It’s long been evident that Hollywood has a major diversity problem. And with the film industry’s history steeped in racism, it definitely does not help when white actors continue to feel entitled to play roles meant for Black people as well as other people of color.
On Sunday, actress Scarlett Johnansson came under fire for comments she made during a recent interview with As If Magazine about being “allowed to play” any role.
“You know, as an actor I should be allowed to play any person, or any tree, or any animal because that is my job and the requirements of my job,” Johansson said. “I feel like it’s a trend in my business and it needs to happen for various social reasons, yet there are times it does get uncomfortable when it affects the art because I feel art should be free of restrictions.”
In 2018, Johansson faced backlash from the LGBTQ community for agreeing to play a transgender man in the movie “Rub & Tug.” She went on to reluctantly remove herself from the role. One year earlier in 2017, she faced another controversy for playing an Asian character in the movie “Ghost In The Shell.”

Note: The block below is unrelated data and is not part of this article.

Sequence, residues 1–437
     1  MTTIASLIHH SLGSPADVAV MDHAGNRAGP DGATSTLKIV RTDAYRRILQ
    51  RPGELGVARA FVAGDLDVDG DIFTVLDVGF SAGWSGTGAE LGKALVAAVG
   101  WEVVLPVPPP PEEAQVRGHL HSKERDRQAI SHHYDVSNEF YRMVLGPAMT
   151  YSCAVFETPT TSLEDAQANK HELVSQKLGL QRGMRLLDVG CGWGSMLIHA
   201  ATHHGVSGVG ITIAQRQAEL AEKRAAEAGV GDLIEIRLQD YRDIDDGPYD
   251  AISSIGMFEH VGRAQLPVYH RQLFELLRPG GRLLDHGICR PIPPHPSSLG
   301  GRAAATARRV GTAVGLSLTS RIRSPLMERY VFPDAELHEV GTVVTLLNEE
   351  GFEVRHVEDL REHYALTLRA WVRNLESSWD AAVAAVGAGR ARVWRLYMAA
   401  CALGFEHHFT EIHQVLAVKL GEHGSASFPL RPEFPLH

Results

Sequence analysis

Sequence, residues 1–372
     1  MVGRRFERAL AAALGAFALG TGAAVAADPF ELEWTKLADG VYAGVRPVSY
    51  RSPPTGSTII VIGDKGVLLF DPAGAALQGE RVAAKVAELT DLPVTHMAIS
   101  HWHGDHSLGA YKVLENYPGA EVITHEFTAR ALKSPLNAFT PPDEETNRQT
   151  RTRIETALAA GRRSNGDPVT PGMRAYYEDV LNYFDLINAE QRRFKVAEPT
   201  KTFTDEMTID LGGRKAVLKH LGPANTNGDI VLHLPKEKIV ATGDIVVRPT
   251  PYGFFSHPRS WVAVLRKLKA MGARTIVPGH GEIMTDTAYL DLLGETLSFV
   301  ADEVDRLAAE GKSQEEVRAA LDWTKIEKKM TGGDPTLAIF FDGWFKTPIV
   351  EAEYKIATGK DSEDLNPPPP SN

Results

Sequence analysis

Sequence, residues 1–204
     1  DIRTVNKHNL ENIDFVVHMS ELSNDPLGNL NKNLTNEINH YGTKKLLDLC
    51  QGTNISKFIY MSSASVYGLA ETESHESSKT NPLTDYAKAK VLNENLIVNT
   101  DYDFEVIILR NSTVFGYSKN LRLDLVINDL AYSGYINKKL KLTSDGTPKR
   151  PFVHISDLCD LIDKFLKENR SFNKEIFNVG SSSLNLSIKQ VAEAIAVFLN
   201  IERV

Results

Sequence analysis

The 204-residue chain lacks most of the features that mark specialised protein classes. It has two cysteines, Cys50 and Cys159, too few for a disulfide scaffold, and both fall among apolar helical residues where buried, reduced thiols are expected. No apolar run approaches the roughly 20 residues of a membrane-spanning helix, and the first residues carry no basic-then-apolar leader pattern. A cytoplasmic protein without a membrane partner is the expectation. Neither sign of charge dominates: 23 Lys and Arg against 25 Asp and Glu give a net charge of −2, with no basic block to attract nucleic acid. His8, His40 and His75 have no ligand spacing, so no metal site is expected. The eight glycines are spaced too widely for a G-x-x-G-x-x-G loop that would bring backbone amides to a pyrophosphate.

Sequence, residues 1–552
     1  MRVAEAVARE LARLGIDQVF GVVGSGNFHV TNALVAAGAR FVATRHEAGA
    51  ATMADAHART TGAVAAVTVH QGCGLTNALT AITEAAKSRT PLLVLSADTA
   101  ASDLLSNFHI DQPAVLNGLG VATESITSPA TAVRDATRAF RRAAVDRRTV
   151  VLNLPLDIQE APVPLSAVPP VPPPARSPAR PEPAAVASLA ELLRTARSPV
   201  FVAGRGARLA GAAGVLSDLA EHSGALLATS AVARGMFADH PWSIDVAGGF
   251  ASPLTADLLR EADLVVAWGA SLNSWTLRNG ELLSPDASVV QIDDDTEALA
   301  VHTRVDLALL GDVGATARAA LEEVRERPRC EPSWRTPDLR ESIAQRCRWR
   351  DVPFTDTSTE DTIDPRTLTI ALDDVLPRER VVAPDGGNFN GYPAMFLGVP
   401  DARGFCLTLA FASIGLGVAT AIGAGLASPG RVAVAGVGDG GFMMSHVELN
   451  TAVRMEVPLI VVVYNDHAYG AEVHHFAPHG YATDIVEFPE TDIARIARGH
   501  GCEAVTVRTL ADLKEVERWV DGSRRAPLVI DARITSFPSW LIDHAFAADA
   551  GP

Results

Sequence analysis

Many people called the actress out for her comments on social media:
Johansson tried to walk back her comments claiming media outlets edited them for “clickbait.” Then she went on to pretty much say the same thing again:
“An interview that was recently published has been edited for click bait and is widely taken out of context,” Johansson said in a statement. “The question I was answering in my conversation with the contemporary artist, David Salle, was about the confrontation between political correctness and art. I personally feel that, in an ideal world, any actor should be able to play anybody and Art, in all forms, should be immune to political correctness.”
While one of the main issues that came to light following her comments was the lack of representation of transgender actors in film, there is also the lingering topic of Black representation, as well.
And though Johansson went on to claim that she does support and fight for diversity, if white actors, who are usually preferred over Black and brown actors, can play anyone, how is that diverse?
Over the years, many white actors and actresses have played Black people in movies, such as Angelina Jolie, who played a real-life Black woman in “A Mighty Heart;” Joseph Fiennes, who played Michael Jackson in “Elizabeth, Michael and Marlon;” and Jeanne Elizabeth Crain, who played a mixed-race Black woman in “Pinky.”
Johansson’s logic could also be applied to the too-many-to-count incidents where actors like Judy Garland, Fred Astaire, Bing Crosby, Robert Downey Jr. and more have donned blackface in films that continued to perpetuate stereotypes of Black people.
And as Johansson continues to believe she should be able to play anyone, Black actors continue to struggle for opportunities in film that are all too often given to white people.